The Michigan's third near battle happened during the Fenian invasion of Canada in 1866. A group of 1,000-1,500 raiders gathered at Buffalo, New York, pretending to be laborers bound for the west. Their modest objective was to capture Canada. With their green flag flying they crossed the Niagara River at Black Rock and took over the ruins of old Fort Erie on the Canadian shore.
Advance scouts and hidden arms at Fort Erie and these were given to the raiders as they came ashore. All of this happened without the knowledge or consent of U.S. officials, but the Canadians soon found out about the raiding party and hastily raised an army of volunteers to repel the invaders. In the resulting battle, the Fenians were dispersed, retreated to the river bank and headed back to Buffalo. The Michigan steamed to the scene and took the invaders prisoners of the government.
The Michigan in the Spanish American War
The final incident occurred during the Spanish American War while the Michigan served as a recruiting center. The first detachment that left the Michigan for service in different ships was: Lt. Bilisch; boatswain's mates, Bailner, Wilson, Burns, and several seamen. More than 5,000 men left from the Michigan. When Emmett Bean left the Michigan crew, Mrs. Bean carried her eight month old son to the station to bid her husband goodbye. That baby grew up to spend 30 years in the army.
The Memorial Day celebration in Erie in 1898 involved the Michigan. Patriotic feelings swept the town. Sailors from the Michigan and Captain Gridley from Erie were on hand. Captain Gridley was the captain of Admiral Dewey's flagship Olympia. All of Erie's many brass bands turned out in colorful uniforms. The replacements from the Michigan and those from the national guards were in line in their brand new uniforms.
The place of honor went to the old veterans from the Soldiers and Sailors Home. The Grand Army of the Republic, hundreds strong, proudly marched in line. Many of the men wore their black campaign hats and uniforms. They were led by Volney B. St. John, then commander of the G.A.R.
Cheering crowds lined the streets as their favorites passed by. This was also a time of anxiety. Victories were being won daily but the casualty lists were also growing. There was talk of draft and many anxious parents prayed for the end of hostilities. The Civil War had ended but 33 years before and visions of the frightful casualties of that war were still fresh. One of the most famous commands in battle involved Captain Gridley of Erie and Admiral Dewey. At the Battle of Manila, Admiral Dewey ordered, "When you are ready, Gridley, fire." Captain Charles Gridley, a former Michigan officer and the husband of an Erie woman, commanded Dewey's flagship Olympia in that battle. The Spanish fleet was annihilated with over 2,000 men killed and wounded and property loss by capture and sinking reached $6,500,000.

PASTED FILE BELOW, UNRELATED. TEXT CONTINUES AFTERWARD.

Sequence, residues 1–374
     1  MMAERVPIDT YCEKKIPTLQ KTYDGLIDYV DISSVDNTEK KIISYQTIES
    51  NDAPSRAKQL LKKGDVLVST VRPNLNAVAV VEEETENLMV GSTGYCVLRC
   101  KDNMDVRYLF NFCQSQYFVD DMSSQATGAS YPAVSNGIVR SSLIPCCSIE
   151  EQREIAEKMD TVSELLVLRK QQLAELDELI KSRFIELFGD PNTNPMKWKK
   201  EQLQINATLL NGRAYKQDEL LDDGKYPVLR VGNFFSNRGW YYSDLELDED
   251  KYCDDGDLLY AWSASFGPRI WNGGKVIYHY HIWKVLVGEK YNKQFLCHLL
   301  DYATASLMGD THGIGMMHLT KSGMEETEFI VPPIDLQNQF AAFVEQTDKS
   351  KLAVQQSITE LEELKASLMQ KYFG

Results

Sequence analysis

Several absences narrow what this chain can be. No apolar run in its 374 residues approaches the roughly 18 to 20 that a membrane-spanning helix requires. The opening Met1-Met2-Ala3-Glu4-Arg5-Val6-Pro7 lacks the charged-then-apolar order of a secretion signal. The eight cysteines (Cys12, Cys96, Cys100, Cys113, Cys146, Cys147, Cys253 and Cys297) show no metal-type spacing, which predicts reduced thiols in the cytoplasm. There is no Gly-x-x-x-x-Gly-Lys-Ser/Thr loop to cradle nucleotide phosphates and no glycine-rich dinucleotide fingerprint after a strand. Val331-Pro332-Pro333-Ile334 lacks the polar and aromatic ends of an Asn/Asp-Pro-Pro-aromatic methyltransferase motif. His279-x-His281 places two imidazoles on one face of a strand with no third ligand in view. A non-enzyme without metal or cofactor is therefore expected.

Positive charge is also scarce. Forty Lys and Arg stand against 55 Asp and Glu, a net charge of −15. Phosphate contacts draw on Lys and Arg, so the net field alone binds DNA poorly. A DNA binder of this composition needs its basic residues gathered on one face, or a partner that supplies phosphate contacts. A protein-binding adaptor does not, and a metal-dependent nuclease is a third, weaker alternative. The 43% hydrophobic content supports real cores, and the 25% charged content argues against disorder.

The Michigan Helps Understand Human Digestion
Tradition has it that the Michigan was also indirectly responsible for providing the medical world with a living example of working human digestion. She was cruising between the Les Cheneaux Islands when the famous French Canadian woodsman was brought for treatment to the ship's doctor at one of the ports of call. His abdomen had been accidentally pierced and healed with an opening that led his digestive organs visible.
The wounded man, Alexis St. Martin, was brought aboard the Michigan and taken to Mackinac Island where his abdomen was studied and noted by the equally famous Doctor William Beaumont, the army post surgeon stationed there. Dr. Beaumont was known for his early and remarkable discoveries in intestinal surgery and gastric digestion. His professional records stand as medical classics. Dr. Beaumont studied the digestive system of Alexis St.Martin for years and Alexis St. Martin survived him by twenty years.
The Michigan Does Survey Work and Trains Recruits for Naval Operations
For many years, the Michigan was used mainly in survey work and training recruits for naval operations. Many modern Great Lakes charts are a result. Between tours of duty, the Michigan took time out for repairs. She spent the winter of 1893 in Buffalo undergoing necessary repairs. Then she steamed into Erie harbor resplendent in white gold trimmings. The news of her coming spread about the city. People visited the dock despite the miserable weather to gaze upon the "iron steamship." Then the Michigan received orders from the Secretary of the Navy to proceed to Chicago for the World's Fair of 1893
The U.S.S. Wolverine Trains Sailors and Ends Her Career in Erie